Ah, finally — a silver lining on the horizon!
For a fact, there hasn’t been much to celebrate in Ghana football ever since the Kwesi Nyantakyi-led FA administration was scythed by 2018’s corruption exposé, with Ghanaian sides hardly recording any successes of note in international competitions.
From Asante Kotoko and Aduana Stars suffering exits in CAF Confederation Cup campaigns, to Kotoko and regional cousins Ashantigold falling early in their latest African adventures, our clubs haven’t fared too well. Then there are the national teams’ well-documented misfortunes: the Black Queens underwhelming when Ghana hosted the 2018 Africa Women’s Cup of Nations and in the recent Olympics qualifiers, the Black Stars doing little better at their own continental championship earlier this year, and youth sides stumbling all over the place.
Sure, the national U-23 team, the Black Meteors, is still on track to make an appearance at Tokyo 2020 — hopefully ending a 16-year absence — but that dream is still some steps away from being fulfilled. Much closer to securing a prize that brightens the Ghanaian game’s gloomy mood is the Black Stars B, on the brink of WAFU Cup of Nations glory.
Incidentally, the team — drawn exclusively from the home-based pool of talent — was the second-to-last to win silverware for the country before the sudden shake-up that forced a hard reset on Ghana football. That came almost this time two years ago, when Ghana – at home — won the trophy a second time following the tournament’s 2011 revival.
The squad looks very different now, with old faces replaced by new, but it’s still Maxwell Konadu — in his crisp and colorful African print shirts, seeking a third title — at the helm. Ghana outdid Gambia and Burkina Faso, via the narrow differences of a Joseph Esso goal and a penalty shootout respectively, to set up a semi-final date with neighbors Ivory Coast where Ashgold striker and skipper Shafiu Mumuni put on a show, netting three times to give the Stars a win that, at least on the scoreboard, looked quite comfortable.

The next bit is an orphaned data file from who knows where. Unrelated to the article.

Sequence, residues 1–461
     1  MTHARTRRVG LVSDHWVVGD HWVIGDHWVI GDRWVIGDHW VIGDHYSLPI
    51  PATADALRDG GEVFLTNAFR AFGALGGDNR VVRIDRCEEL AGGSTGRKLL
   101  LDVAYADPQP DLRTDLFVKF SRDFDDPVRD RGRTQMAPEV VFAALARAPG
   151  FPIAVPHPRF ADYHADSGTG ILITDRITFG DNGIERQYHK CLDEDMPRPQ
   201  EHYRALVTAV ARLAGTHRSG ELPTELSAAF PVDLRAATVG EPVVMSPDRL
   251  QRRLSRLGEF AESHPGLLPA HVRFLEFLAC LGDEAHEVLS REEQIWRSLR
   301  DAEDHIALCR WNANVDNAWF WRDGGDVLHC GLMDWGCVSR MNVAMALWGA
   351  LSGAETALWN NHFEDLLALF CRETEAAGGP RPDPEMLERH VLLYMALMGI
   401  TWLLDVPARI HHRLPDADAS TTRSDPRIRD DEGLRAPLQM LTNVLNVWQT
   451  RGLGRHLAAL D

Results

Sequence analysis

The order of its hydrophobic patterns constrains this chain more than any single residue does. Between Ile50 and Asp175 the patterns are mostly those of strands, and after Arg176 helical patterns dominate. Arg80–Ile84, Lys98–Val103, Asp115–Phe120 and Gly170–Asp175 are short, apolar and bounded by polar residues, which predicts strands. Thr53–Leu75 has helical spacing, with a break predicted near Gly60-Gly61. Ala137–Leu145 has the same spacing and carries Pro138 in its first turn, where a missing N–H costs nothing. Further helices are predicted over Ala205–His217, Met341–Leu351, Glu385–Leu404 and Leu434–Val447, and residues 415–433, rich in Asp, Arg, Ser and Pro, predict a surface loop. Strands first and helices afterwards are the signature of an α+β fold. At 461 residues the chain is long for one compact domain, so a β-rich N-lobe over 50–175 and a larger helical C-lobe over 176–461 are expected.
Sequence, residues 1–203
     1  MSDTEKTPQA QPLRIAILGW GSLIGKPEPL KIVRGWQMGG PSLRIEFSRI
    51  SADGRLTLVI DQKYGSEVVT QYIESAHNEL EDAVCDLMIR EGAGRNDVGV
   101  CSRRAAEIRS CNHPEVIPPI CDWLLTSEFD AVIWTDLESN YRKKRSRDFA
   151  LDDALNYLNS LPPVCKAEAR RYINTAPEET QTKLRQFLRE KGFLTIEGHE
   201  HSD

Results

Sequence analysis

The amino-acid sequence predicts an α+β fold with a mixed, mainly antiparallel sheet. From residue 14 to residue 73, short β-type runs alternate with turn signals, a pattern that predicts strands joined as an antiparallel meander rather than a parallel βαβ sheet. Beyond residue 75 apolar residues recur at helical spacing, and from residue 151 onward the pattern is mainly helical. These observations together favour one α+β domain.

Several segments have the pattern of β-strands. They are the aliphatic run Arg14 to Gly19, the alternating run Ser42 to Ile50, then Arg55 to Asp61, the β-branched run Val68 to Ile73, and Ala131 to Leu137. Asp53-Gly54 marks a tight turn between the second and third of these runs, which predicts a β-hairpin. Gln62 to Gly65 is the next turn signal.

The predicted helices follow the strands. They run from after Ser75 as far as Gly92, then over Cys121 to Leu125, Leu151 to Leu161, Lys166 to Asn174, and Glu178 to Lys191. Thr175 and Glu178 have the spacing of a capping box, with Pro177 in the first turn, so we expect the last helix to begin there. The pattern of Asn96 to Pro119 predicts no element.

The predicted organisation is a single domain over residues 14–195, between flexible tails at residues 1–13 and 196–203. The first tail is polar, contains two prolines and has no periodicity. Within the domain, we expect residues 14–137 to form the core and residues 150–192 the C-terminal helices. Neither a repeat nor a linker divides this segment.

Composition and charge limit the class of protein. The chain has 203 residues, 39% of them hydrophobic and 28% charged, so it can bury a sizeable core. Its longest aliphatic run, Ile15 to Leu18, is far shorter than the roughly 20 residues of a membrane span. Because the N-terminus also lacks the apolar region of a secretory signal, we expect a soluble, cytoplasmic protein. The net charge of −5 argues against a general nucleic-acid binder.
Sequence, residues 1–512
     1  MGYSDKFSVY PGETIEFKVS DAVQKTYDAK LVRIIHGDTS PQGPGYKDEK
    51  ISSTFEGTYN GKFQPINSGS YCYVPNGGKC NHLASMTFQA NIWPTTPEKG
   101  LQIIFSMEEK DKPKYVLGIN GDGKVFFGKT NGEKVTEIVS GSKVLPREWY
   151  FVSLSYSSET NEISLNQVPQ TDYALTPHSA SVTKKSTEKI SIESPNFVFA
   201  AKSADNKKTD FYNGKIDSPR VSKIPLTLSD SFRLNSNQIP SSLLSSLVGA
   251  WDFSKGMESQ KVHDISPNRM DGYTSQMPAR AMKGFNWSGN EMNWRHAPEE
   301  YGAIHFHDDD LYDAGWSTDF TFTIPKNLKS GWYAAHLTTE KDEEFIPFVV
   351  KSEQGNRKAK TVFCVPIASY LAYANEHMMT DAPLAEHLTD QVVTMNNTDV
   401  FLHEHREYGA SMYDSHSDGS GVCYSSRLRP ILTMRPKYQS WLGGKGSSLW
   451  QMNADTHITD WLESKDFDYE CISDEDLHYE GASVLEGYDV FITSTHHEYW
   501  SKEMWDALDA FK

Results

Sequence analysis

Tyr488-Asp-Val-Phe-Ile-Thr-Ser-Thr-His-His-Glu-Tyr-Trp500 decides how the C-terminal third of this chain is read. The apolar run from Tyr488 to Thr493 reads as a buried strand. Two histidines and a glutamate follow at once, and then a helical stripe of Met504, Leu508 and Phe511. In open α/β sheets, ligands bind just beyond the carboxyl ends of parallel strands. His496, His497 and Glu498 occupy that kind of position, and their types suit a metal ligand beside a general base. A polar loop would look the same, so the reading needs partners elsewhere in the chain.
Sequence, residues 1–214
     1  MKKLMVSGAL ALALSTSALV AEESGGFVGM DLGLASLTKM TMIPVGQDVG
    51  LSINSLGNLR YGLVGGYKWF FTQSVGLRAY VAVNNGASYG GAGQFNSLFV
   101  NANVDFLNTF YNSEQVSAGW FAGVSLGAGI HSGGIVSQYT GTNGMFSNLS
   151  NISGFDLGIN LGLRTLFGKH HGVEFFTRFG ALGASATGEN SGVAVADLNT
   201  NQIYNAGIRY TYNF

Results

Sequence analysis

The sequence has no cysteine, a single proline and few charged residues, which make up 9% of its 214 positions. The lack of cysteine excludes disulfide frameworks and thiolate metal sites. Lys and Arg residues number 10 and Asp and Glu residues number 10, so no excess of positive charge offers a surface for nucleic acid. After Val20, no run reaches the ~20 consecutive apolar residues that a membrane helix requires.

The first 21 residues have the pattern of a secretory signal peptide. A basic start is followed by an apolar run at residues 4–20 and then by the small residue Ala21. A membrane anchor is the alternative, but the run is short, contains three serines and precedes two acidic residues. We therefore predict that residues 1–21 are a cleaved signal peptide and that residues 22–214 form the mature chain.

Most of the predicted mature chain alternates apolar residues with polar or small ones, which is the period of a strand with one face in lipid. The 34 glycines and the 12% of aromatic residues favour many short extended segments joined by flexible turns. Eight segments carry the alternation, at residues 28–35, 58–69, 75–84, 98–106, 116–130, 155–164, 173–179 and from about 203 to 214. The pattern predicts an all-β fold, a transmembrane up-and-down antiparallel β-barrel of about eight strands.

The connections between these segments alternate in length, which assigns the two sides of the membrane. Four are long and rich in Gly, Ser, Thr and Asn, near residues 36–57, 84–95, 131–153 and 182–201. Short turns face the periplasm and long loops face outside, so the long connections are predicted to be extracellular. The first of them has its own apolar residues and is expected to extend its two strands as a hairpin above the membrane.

Next up, though, is Senegal, the ongoing edition’s hosts and a team Ghana has history with. The latter’s 2013 WAFU Cup triumph, also achieved on home soil, saw the Lions of Teranga beaten 3-1 in the final, furnishing the upcoming showdown with an exciting revenge-or-repeat theme.
Serigne Saliou Dia’s Senegal has had a relatively easier ride, beating Guinea-Bissau and Mali by two-goal margins, and holding off Benin between those two results, en route to Sunday’s decider in Thiès against a Ghana side that — even in their best outing thus far, versus the Ivorians — played “badly,” per head coach Konadu’s own admission.
Finals, though, aren’t always won by the team that plays best, and Konadu has expressed delight at the fact that his men have begun “to do the most important thing” — scoring — and, coupled with “a winning mentality” that the former Kotoko trainer claims to have instilled, that should steer the Stars to a climax which returns some much-needed positivity and hope to their countrymen.
Be it a goal or more — or even another shootout — that gets Ghana over the line, the Stars must find a way; a way to securing the nation’s first significant post-Nyantakyi peak, even as a new era dawns.
NY Frimpong — Daily Mail GH